December 06, 2007
'Deeply disappointed' over Shepard
Posted by: Chris
TWO UPDATES: At the end of this post.
The Human Rights Campaign has issued a statement calling the removal of the hate crimes bill "deeply disappointing" -- wording that is somewhat eerie for me only because I wrote the exact same thing in my post a few hours ago. Joe Solmonese also echoed my hope that congressional Democrats will find "another legislative vehicle, in the second half of this Congress, to move the Matthew Shepard Act."
Tacking the Shepard Act on something less controversial that a bill relating to the Iraq war strikes me as more promising than Barney Frank's suggestion that the Senate pass the hate crime measure as a stand-alone bill, which exposes it to a threatened Bush veto.
The HRC statement also makes a point of detailing the organization's lobbying efforts to keep the Shepard Act intact as part of the DOD bill:
On November 14th, HRC sent an e-mail to all Capitol Hill offices urging the retention of hate crimes legislation in the Department of Defense Authorization conference report. Additionally, HRC organized and signed onto a coalition letter sent to the Chairman and Ranking Members of the Armed Services Committees urging them to retain the Hate Crimes amendment as part of the conference report. Timed to correspond with Members returning from the Thanksgiving recess, on November 28th, HRC launched a nationwide action alert to all of its members urging immediate grassroots action to Members of Congress.
An email and a letter? That's it?
That's nothing compared to the "10 in 10 days" campaign HRC launched that generated 80,000 calls and emails to keep the "gender identity" protection in ENDA. Or the 100 HRC board members and volunteers who stormed Capitol Hill to lobby members directly on trans rights. Or how HRC staffers "worked around the clock" when the transgender protections were at risk because of the House whip count.
Solmonese also thanked Democratic leaders in both houses for their "exhaustive efforts… to keep the Matthew Shepard Act as part of [the DOD] bill." At what point do we actually get to complain about the failure of congressional Democrats to pass hate crimes, despite a vote of 237-180 in the House and 60-39 in the Senate?
Still nothing from the Task Force on the hate crime bill. Apparently Matt Foreman and his United ENDA allies are still too exhausted from their divisive attempt to sink gay workplace protections to notice that Congress just tanked the first transgender rights measure ever to pass both houses.
Kudos to Judy and Dennis Shepard for speaking with a much more powerful voice about today's congressional shenanigans:
“We are truly dismayed to find that Congress now will put aside its leadership on passage of federal hate crimes legislation that includes sexual orientation and gender identity.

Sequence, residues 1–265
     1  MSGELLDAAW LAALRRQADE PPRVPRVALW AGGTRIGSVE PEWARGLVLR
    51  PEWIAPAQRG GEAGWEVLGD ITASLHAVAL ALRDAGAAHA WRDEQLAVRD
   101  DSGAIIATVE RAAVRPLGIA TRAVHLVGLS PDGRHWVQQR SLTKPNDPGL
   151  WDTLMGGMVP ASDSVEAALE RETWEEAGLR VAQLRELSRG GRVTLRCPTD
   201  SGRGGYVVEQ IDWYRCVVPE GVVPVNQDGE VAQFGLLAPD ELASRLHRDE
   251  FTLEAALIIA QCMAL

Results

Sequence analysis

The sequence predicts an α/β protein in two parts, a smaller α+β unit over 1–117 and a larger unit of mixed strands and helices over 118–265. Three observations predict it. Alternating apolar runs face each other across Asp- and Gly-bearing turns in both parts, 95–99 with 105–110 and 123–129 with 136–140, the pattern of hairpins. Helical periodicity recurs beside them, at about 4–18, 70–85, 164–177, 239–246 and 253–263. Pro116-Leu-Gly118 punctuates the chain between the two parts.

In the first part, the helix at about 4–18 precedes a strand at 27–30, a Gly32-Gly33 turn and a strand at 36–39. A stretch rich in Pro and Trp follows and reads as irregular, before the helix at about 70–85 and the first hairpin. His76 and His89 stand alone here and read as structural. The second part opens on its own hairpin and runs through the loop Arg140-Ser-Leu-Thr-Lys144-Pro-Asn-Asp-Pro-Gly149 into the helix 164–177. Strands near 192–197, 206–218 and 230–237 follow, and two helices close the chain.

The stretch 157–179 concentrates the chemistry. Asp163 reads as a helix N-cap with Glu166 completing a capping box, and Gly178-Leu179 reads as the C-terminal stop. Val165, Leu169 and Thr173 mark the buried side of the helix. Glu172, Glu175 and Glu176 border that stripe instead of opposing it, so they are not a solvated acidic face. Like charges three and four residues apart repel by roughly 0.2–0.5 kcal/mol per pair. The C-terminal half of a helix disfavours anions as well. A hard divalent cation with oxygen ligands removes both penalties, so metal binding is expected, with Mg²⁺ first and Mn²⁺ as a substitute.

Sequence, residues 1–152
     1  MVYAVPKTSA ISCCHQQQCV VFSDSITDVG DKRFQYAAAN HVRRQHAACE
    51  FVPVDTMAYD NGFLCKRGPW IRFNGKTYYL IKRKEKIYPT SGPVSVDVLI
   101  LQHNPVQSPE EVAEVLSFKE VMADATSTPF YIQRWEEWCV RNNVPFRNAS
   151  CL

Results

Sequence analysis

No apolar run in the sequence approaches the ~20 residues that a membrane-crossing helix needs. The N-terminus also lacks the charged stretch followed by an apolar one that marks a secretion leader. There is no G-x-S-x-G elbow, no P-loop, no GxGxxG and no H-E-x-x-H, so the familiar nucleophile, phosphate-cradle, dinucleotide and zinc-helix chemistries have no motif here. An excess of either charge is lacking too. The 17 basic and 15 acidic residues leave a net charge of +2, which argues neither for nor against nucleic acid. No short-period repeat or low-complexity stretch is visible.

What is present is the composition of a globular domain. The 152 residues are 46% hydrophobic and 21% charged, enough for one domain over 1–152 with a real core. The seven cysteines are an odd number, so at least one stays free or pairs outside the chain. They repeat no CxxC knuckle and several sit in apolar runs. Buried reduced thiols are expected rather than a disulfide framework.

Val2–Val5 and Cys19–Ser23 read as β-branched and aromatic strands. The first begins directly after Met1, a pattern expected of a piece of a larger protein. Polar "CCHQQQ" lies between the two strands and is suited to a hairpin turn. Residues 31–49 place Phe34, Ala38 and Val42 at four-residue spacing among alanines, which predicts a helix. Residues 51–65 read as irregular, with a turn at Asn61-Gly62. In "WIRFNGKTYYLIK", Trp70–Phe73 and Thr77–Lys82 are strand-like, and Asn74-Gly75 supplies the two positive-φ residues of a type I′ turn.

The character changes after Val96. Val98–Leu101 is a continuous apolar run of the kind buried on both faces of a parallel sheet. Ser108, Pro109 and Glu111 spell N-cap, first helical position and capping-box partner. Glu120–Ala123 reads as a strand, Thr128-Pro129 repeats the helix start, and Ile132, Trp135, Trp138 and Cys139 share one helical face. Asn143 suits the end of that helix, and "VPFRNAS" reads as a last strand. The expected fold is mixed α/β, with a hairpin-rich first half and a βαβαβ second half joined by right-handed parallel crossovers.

“At this time of year that fills us all with hope for humankind, we are sad to find that a Congressional majority of each House who have already adopted the Matthew Shepard Act cannot yet come together.
“Make no mistake; this is a small triumph of process over principle. We are dedicated to redoubling our efforts next year to achieve our vision of a hate-free America that truly includes everyone. This has never simply been about Matthew Shepard and our family, this legislation is a gift delayed but never forgotten for all America’s families.”
The Task Force has weighed in for the first time publicly in weeks on the Shepard Act, also expressing "deep anger and disappointment" that it was jettisoned from the DOD bill. Despite its inexplicable inaction for weeks now, the Task Force claims in its statement to have been busy behind the scenes, "mobiliz[ing] its members through action alerts, lobb[ying] congressional offices and organiz[ing] other national partners to pressure Congress not to give in — again — to right-wing opposition to LGBT legislation."
Riiiight. Even taking that claim at face value -- which I don't -- the comparison to the Task Force's balls to the wall push on trans protections in ENDA -- and then to sink the compromise version -- couldn't be more striking. And Matt Foreman's strategic advice at this point?
"We call on the Senate to immediately advance a stand-alone version of hate crimes that matches the version passed by the House earlier this year and send it to the president’s desk. When the president vetoes the bill — as he has repeatedly promised to do — everyone will see just how subservient this administration is to America’s anti-gay industry. Force his hand, for goodness sake, rather than hiding us away."
Ahh yes, let's have a purely pyrrhic victory rather than, as at least Solmonese suggested, finding some other vehicle to push hate crimes through Congress and to an actual presidential signature.
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